The role of extracellular matrix in modulation of myocyte Ca2+ signalling and contraction in the isolated rat heart

Show simple item record

dc.contributor.advisor Ward, M en
dc.contributor.author Kaur, Sarbjot en
dc.date.accessioned 2016-06-09T01:54:23Z en
dc.date.issued 2015 en
dc.identifier.citation 2015 en
dc.identifier.uri http://hdl.handle.net/2292/29006 en
dc.description.abstract Traditionally the extracellular matrix (ECM) in the heart has been thought to provide mechanical scaffolding for the contracting myocytes. However, it was observed that the amplitude of the intracellular Ca2+ transients that underlie contraction was reduced in isolated myocytes in comparison to Ca2+ transients from multicellular trabeculae. The role of ECM in myocyte Ca2+ modulation is poorly understood. We therefore hypothesised that Ca2+ handling might be modulated by (bidirectional) signalling between myocytes and the ECM, and that this important link could be lost during the standard cell isolation by enzymatic process. The aim of this thesis was to investigate the contribution of ECM in myocyte Ca2+ handling in cardiac trabeculae. To achieve this, measurements of isometric force and intracellular Ca2+ (340/380 ratio) in electrically stimulated rat cardiac trabeculae before and after enzyme exposure that dismantle the linkages between the ECM and the myocytes was continuously measured at room temperature. Immuno-histochemical techniques were used to determine the extent of loss of key proteins linking the ECM and the myocytes during this dismantling. Experiments revealed that partial enzymatic digestion increased the resting Ca2+ and stress in trabeculae. Furthermore, this study showed that there is decreased RECA-1 labelling in partial digested trabeculae and its complete absence in single myocytes but without any loss in laminin, Cxn-43, and vinculin labelling. In addition, the evaluation of ET-1 effect show neither increase in stress nor in [Ca2+]i in partial dismantled trabeculae. Additionally, the ET-1 application in isolated single myocytes significantly increase the amplitude of [Ca2+]i. Together, these results suggest the contribution of ECM components especially endothelial cells to myocyte Ca2+ modulation. Next, this study also looked at the evidence of presence of primary cilia in adult rat hearts and found no evidence of primary cilia in either ventricular tissue sections or isolated myocytes from the adult rat hearts. The effect of novel EPAC signalling pathway which contributes to the EC-coupling and Ca2+ homeostasis was also investigated by activating with cpTOME (an EPAC agonist) in intact trabeculae. It was depicted that cpTOME do not affect trabeculae until the experimental conditions of trabeculae are matched with isolated myocytes. EPAC activation increase the myofilament Ca2+ sensitivity when Ca2+ currents were lowered by reducing the [Ca2+] to 0.5 mM which was removed by CamKII inhibition. This work indicates that EPAC contributes to Ca2+ signalling in a CamKII-dependent fashion in the cardiac tissue preparations. en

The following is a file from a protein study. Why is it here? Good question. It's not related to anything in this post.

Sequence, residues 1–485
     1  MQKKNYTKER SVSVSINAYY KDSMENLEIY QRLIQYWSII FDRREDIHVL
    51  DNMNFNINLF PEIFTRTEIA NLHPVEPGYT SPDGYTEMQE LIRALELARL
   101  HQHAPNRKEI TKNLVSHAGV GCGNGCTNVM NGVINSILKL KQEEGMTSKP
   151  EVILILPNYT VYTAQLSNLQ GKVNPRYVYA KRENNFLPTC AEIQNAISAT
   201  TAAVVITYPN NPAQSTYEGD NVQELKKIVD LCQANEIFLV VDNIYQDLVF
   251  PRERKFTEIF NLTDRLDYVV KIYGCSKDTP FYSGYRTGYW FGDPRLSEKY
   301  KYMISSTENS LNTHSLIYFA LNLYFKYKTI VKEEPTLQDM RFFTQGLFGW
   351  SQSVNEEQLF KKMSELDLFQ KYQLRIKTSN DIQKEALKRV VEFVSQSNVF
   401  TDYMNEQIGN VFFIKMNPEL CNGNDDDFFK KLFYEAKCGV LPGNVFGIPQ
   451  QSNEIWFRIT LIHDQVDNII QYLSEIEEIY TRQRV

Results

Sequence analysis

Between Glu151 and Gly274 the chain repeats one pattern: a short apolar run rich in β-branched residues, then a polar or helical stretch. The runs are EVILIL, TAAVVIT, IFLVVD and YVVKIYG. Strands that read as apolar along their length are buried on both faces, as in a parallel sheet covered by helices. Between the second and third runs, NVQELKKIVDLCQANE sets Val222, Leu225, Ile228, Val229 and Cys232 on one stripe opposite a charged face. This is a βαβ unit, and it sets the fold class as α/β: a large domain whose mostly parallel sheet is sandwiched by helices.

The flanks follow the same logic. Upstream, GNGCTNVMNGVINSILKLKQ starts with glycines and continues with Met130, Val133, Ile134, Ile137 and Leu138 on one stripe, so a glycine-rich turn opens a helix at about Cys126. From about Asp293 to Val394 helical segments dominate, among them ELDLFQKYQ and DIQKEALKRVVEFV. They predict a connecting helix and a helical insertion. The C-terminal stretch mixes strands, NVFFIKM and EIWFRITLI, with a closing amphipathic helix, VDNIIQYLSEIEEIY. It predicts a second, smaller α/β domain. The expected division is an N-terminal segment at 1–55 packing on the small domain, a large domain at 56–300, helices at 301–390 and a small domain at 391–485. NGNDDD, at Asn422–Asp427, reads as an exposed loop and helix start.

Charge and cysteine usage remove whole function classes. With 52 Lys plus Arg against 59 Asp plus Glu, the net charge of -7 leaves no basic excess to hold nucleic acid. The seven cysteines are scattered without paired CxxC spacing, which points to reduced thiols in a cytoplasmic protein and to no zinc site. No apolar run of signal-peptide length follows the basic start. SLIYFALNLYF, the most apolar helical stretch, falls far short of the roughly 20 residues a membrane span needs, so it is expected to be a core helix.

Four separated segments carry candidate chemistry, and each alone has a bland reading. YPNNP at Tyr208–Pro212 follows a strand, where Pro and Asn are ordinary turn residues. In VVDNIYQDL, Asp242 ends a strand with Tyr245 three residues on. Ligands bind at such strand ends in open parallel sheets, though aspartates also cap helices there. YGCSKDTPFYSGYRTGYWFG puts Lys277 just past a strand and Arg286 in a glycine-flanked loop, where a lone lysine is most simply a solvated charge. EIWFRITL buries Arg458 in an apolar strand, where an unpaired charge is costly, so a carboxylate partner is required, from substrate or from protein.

dc.publisher ResearchSpace@Auckland en
dc.relation.ispartof PhD Thesis - University of Auckland en
dc.relation.isreferencedby 99264865608202091 en
dc.rights Items in ResearchSpace are protected by copyright, with all rights reserved, unless otherwise indicated. Previously published items are made available in accordance with the copyright policy of the publisher. en
dc.rights.uri https://researchspace.auckland.ac.nz/docs/uoa-docs/rights.htm en
dc.rights.uri http://creativecommons.org/licenses/by-nc-sa/3.0/nz/ en
dc.title The role of extracellular matrix in modulation of myocyte Ca2+ signalling and contraction in the isolated rat heart en
dc.type Thesis en
thesis.degree.discipline Physiology en
thesis.degree.grantor The University of Auckland en
thesis.degree.level Doctoral en
thesis.degree.name PhD en
dc.rights.holder Copyright: The Author en
pubs.author-url http://hdl.handle.net/2292/29006 en
dc.rights.accessrights http://purl.org/eprint/accessRights/OpenAccess en
pubs.elements-id 530247 en
pubs.org-id Medical and Health Sciences en
pubs.org-id Medical Sciences en
pubs.org-id Physiology Division en
pubs.record-created-at-source-date 2016-06-09 en


Files in this item

Find Full text

This item appears in the following Collection(s)

Show simple item record

Share

Search ResearchSpace


Browse

Statistics